General Assembly opens with celebration
Three former presidents, one new hymn, liberal amounts of history, and several thousand cupcakes combined to open the 50th annual General Assembly of the Unitarian Universalist Association Wednesday night in Charlotte.
This GA marks the 50th anniversary of the consolidation in 1961 of the Universalist Church of America and the American Unitarian Association. Much of the opening ceremony, held in Hall C of the Charlotte Convention Center, was devoted to commemorating the anniversary.
The Rev. John Buehrens, former UUA president and chair of the 50th Anniversary Task Force, welcomed around 4,000 GA attendees. He and two former presidents, the Rev. Dr. William F. Schulz and the Rev. William G. Sinkford, shared a recounting of the UUA’s history, including the involvement of UUs in the civil rights movement, the deaths of Rev. James Reeb and Viola Liuzzo in that struggle, the publication of the Pentagon Papers by Beacon Press, the UUA’s support for women’s equality, and the founding of the first denominational office for gay and lesbian concerns.
Buehrens noted that the first UUA president, the Rev. Dana Greeley, reached out to international religious leaders, including the leader of the Rissho Kossei-kai religious group in Japan. The Rev. Kosho Niwano, the president-designate of the RKK and the granddaughter of the RKK leader at that earlier time, was in the hall Wednesday night and was warmly welcomed. (See “Soul Mates,” UU World, Jan./Feb. 2001)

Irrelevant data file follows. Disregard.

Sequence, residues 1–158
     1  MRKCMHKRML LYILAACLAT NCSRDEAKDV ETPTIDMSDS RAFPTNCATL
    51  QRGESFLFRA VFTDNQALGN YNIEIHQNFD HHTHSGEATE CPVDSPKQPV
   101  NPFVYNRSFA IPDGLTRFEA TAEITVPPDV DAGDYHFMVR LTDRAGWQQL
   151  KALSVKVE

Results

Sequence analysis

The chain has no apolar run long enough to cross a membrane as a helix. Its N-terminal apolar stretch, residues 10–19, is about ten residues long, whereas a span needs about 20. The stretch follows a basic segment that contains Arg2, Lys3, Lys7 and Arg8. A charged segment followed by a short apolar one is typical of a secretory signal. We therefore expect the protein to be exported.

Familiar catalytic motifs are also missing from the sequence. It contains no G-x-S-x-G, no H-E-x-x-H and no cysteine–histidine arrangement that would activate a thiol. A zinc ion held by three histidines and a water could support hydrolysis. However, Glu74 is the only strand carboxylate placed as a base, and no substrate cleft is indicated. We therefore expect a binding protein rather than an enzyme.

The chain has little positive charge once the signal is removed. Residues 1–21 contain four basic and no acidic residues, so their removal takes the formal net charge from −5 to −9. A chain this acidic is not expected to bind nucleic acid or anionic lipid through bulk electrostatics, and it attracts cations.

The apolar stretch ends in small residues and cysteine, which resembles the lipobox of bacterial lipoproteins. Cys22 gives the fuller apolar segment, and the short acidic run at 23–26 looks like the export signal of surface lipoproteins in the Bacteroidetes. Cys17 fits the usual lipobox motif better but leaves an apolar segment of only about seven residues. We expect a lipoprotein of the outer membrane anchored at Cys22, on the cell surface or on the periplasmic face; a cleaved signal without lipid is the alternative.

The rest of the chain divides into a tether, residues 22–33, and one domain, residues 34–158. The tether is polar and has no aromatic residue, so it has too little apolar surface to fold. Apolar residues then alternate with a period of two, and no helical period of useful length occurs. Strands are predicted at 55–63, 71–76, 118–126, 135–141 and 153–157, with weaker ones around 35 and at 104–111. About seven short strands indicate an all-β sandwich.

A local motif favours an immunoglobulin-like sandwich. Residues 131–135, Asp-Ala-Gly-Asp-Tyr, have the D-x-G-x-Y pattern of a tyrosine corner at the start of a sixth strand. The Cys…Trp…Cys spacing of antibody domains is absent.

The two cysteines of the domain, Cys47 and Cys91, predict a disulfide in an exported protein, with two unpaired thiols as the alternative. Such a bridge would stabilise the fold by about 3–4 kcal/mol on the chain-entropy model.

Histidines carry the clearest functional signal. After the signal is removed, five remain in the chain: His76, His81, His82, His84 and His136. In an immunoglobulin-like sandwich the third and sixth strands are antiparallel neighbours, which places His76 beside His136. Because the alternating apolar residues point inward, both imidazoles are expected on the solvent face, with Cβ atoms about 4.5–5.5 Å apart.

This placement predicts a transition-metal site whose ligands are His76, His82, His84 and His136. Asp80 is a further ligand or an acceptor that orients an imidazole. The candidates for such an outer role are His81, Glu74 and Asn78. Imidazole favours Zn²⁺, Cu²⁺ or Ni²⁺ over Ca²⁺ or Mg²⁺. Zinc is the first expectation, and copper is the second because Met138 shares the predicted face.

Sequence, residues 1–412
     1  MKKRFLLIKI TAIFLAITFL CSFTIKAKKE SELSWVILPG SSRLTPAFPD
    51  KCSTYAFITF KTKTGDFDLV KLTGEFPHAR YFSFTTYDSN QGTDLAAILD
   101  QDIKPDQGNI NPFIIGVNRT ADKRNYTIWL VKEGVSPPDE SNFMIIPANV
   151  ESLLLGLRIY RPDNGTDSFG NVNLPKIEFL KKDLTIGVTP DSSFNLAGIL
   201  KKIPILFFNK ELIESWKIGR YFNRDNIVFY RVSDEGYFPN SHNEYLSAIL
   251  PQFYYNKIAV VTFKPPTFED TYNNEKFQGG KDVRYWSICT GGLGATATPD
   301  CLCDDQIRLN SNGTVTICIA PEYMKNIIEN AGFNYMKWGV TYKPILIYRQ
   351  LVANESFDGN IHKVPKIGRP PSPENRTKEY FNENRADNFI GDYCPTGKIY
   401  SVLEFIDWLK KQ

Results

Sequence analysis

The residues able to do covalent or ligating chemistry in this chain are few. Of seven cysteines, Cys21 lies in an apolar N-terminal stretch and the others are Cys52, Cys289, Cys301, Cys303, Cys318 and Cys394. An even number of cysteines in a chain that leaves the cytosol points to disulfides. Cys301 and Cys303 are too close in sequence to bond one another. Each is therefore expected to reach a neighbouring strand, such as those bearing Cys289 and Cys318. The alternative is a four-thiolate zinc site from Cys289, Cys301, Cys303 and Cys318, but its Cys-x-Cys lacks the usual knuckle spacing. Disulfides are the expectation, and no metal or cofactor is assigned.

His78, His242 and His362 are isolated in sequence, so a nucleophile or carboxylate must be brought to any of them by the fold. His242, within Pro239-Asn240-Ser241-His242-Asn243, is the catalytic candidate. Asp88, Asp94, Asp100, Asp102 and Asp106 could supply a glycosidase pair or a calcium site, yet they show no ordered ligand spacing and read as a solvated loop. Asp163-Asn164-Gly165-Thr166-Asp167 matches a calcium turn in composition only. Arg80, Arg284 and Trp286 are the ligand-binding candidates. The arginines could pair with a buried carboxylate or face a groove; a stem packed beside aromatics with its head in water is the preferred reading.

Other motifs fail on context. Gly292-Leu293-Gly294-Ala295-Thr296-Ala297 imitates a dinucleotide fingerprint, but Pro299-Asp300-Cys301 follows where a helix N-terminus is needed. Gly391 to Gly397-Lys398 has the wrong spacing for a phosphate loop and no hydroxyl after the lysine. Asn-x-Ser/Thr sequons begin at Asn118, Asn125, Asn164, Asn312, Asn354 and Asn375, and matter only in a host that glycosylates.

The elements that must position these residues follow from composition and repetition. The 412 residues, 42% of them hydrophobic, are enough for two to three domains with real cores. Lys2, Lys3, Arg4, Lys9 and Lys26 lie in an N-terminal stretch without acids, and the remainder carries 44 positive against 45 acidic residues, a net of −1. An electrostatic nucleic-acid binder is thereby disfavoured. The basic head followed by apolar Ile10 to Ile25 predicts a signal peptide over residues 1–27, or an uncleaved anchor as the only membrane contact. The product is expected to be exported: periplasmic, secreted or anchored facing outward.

In a section of the program titled Acknowledgement and Confession, Buehrens, former UUA Moderator Denise Davidoff, and Dr. Leon Spencer, a former UUA Trustee, spoke about the UUA’s checkered history with racial justice, noting how the black empowerment controversy of the 1970s led to a determination to do better and ultimately to the UUA’s present focus on a “Journey Toward Wholeness.” Said Davidoff, “It has been, and continues to be, very hard work.” (See “The UUA Meets Black Power,” UU World, Mar./Apr. 2000)
Spencer noted that at each GA there is the potential for hurt in relating to each other, “but also an opportunity for healing.” Buehrens shared how a shooting at a Knoxville, Tenn., UU church in 2008 and the ensuing outpouring of support led to the UUA’s Standing on the Side of Love movement.
The chalice was lit by the Rev. Robin Tanner of the Piedmont UU Church of Charlotte, youth leader Jessica Coates of the UU Church of Charlotte, and the Rev. Clark Olsen. Olsen is a former minister of the UU Church of Asheville, N.C., and a civil rights activist.
A high point of Wednesday night’s service was the presentation of the hymn “Together,” commissioned for the anniversary. The hymn, written by the Rev. Dr. Thomas Mikelson, with music by Thomas Benjamin, spoke of creating here on Earth “an Eden of infinite worth” by working together in community. Other music was provided by the GA Band, GA Choir, the Charlotte Pride Band Brass Quintet, and a choir from the UUA’s Southeast District.
Five new congregations were recognized Wednesday night. They are the UU Fellowship of McMinnville, Ore.; UU Fellowship of Lake Norman, N.C.; UUs of the Blue Ridge, Washington, Va., All Faiths Unitarian Congregation, Ft. Myers, Fla.; and Harmony UU Church, Mason, Ohio.
At the close of the service, UUA President Peter Morales invited those in attendance to move into the future. He said in his benediction, “We are one people. Feel the spirit and the ideals of our forebears. That spirit is here. It lives in us when we love each other and when we dream bold dreams. Let us go and make those dreams come true. Let our future begin.” At that the doors were opened to the exhibit hall next door and the throngs moved out toward tables of cupcakes that were made to honor the anniversary.